Although to a lay person legal texts are notoriously difficult to read, some semblance of order may be found, especially in the thematic structure of such texts. Thematic structure here coincides with what has been called in the literature ' ‘thematic progression’ or ' ‘theme dynamics', and refers to the cohesive link set up by the themes the initial element or elements-of the component sentences of a text. The predominant type of thematic progression in legal texts involves the hypertheme of the particular text, which is derived from two sources: the set of expectations produced by the specific genre of text, and the title of the text, if there is one. This model is applied to five British legal texts, each of which represents one particular genre: a will, a deed, a contract, a court order, and a statute. Since the texts do have a cohesive structure, as shown by the analysis, it is suggested that other factors lead to difficulties in reading, such as technical vocabulary and the length of clause and phrase elements.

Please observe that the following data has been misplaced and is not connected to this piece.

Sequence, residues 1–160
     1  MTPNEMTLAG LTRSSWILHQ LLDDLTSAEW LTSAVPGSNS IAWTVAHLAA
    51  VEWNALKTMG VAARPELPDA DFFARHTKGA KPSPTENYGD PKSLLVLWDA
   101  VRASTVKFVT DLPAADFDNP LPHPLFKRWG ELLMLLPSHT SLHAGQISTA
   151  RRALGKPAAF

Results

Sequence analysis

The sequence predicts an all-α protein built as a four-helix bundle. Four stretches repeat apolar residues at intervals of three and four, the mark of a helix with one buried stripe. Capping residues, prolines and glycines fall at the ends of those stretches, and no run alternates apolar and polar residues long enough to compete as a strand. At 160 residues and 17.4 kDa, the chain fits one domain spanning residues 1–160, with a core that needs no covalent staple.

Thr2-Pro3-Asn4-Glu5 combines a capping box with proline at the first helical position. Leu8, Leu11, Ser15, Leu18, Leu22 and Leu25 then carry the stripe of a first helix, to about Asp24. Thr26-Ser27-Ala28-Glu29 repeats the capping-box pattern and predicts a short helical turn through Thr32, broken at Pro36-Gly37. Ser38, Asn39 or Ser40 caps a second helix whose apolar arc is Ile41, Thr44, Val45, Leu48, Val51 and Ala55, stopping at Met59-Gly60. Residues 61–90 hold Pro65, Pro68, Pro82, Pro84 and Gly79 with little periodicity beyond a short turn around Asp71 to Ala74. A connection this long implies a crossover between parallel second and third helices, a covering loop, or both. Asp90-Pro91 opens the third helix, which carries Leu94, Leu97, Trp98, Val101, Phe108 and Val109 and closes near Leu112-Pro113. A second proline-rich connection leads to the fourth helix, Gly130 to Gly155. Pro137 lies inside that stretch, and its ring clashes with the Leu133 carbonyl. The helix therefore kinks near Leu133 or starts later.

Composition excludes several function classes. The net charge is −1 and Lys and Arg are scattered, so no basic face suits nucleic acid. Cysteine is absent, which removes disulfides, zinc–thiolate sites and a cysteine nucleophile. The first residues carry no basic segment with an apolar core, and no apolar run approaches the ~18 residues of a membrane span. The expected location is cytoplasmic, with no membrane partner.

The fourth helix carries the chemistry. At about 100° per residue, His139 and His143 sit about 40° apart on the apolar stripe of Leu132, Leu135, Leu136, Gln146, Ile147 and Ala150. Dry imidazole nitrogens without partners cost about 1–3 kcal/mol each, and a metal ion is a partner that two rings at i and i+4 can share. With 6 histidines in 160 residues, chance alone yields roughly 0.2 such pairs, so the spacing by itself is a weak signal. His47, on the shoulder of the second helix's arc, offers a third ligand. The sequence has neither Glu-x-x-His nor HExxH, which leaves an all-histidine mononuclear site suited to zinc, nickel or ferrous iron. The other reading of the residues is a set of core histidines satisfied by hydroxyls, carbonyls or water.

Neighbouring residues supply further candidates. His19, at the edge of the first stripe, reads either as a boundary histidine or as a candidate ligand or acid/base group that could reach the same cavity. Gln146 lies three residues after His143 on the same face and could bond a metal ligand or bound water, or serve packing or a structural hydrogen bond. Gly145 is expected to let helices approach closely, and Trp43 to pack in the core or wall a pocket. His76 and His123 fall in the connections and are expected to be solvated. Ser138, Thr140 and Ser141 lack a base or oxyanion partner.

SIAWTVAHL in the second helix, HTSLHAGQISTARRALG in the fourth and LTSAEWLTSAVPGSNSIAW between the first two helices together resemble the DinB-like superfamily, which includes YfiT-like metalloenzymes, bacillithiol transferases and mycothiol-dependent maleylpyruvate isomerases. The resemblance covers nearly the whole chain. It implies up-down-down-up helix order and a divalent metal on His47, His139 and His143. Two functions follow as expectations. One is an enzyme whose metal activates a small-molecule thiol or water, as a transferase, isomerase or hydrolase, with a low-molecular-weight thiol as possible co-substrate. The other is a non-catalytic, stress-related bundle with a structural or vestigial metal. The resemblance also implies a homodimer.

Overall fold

ASJC Scopus subject areas
- Language and Linguistics
- Linguistics and Language
- Literature and Literary Theory